Reversing labor’s losses over the past four decades will therefore require blocking the Fed from increasing unemployment (or worse, tipping the economy into recession) and then undoing some of the structural changes that have created such obscene levels of inequality.

This column originally appeared in La Crosse Tribune.

More articles by:

Mark Weisbrot is co-director of the Center for Economic and Policy Research, in Washington, D.C. and president of Just Foreign Policy. He is also the author of  Failed: What the “Experts” Got Wrong About the Global Economy (Oxford University Press, 2015).

November 14, 2018
Sam Bahour
Israel’s Mockery of Security: 101 Actions Israel Could Take
Cesar Chelala
How a Bad Environment Impacts Children’s Health
George Ochenski
What Tester’s Win Means
Louisa Willcox
Saving Romania’s Brown Bears, Sharing Lessons About Coxistence, Conservation
George Wuerthner
Alternatives to Wilderness?
Robert Fisk
Izzeldin Abuelaish’s Three Daughters were Killed in Gaza, But He Still Clings to Hope for the Middle East
Dennis Morgan
For What?
Dana E. Abizaid
The Government is Our Teacher
Bill Martin
The Trump Experiment: Liberals and Leftists Unhinged and Around the Bend
Rivera Sun
After the Vote: An Essay of the Man from the North
Jamie McConnell
Allowing Asbestos to Continue Killing
Thomas Knapp
Talkin’ Jim Acosta Hard Pass Blues: Is White House Press Access a Constitutional Right?
Bill Glahn
Snow Day
November 13, 2018
Patrick Cockburn
The Midterm Results are Challenging Racism in America in Unexpected Ways
Victor Grossman
Germany on a Political Seesaw
Cillian Doyle
Fictitious Assets, Hidden Losses and the Collapse of MDM Bank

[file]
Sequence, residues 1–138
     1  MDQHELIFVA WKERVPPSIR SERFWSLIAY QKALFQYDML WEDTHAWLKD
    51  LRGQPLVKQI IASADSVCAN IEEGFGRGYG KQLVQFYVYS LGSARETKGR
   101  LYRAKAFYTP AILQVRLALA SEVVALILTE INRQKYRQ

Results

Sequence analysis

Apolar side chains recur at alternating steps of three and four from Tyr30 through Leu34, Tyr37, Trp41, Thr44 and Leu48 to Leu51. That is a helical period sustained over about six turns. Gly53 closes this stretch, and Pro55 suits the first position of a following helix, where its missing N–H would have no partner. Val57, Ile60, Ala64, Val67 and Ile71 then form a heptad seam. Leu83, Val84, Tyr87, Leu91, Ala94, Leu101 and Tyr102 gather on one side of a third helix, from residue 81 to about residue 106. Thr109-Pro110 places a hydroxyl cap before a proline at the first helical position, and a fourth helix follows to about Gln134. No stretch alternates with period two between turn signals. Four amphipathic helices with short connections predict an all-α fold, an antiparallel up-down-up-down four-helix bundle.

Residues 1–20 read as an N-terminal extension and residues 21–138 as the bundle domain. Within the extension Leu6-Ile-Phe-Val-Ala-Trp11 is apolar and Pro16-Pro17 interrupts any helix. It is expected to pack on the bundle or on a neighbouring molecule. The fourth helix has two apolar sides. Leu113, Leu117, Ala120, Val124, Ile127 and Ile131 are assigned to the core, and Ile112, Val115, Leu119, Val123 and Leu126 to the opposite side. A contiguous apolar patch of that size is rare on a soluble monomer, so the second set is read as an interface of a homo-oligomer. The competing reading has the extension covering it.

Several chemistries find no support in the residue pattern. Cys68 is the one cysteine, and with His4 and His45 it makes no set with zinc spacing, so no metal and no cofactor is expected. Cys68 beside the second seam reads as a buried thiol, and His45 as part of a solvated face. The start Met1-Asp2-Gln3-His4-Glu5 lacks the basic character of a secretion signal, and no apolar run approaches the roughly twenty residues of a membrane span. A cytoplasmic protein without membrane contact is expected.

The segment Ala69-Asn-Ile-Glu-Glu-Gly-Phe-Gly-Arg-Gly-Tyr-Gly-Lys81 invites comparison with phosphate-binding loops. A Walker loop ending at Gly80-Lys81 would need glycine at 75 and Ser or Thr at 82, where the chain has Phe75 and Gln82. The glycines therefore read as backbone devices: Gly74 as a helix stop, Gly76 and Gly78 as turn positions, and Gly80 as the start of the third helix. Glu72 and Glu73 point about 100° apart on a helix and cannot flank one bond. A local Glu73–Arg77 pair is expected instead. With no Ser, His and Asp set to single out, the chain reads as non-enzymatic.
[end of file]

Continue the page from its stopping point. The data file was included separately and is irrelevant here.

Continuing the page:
Lauren Smith
Amnesia and Impunity Reign: Wall Street Celebrates Halliburton’s 100th Anniversary
Joe Emersberger
Moreno’s Neoliberal Restoration Proceeds in Ecuador
Carol Dansereau
Climate and the Infernal Blue Wave: Straight Talk About Saving Humanity
Dave Lindorff
Hey Right Wingers! Signatures Change over Time
Dan Corjescu
Poetry and Barbarism: Adorno’s Challenge
Patrick Bond
Mining Conflicts Multiply, as Critics of ‘Extractivism’ Gather in Johannesburg
Ed Meek
The Kavanaugh Hearings: Text and Subtext
Binoy Kampmark
Concepts of Nonsense: Australian Soft Power
November 12, 2018
Kerron Ó Luain
Poppy Fascism and the English Education System
Conn Hallinan
Nuclear Treaties: Unwrapping Armageddon
Robert Hunziker
Tropical Trump Declares War on Amazonia
John W. Whitehead
Badge of Shame: the Government’s War on Military Veterans
Will Griffin
Military “Service” Serves the Ruling Class
John Eskow
Harold Pinter’s America: Hard Truths and Easy Targets
Rob Okun
Activists Looking Beyond Midterm Elections
Binoy Kampmark
Mid-Term Divisions: The Trump Take
Dean Baker
Short-Term Health Insurance Plans Destroy Insurance Pools
George Wuerthner
Saving the Buffalohorn/Porcupine: the Lamar Valley of the Gallatin Range
Patrick Howlett-Martin
A Note on the Paris Peace Forum
Joseph G. Ramsey
Does America Have a “Gun Problem”…Or a White Supremacy Capitalist Empire Problem?
Weekend Edition
November 09, 2018
Friday - Sunday
Louis Proyect
Why Democrats Are So Okay With Losing
Andrew Levine
What Now?
Jeffrey St. Clair
Roaming Charges: Chuck and Nancy’s House of Cards
Brian Cloughley
The Malevolent Hypocrisy of Selective Sanctions
Marc Levy
Welcome, Class of ‘70
David Archuleta Jr.
Facebook Allows Governments to Decide What to Censor
Evaggelos Vallianatos
The Zika Scare: a Political and Commercial Maneuver of the Chemical Poisons Industry
Nick Pemberton
When It Comes To Stone Throwing, Democrats Live In A Glass House
Ron Jacobs
Impeach!
FacebookTwitterGoogle+RedditEmail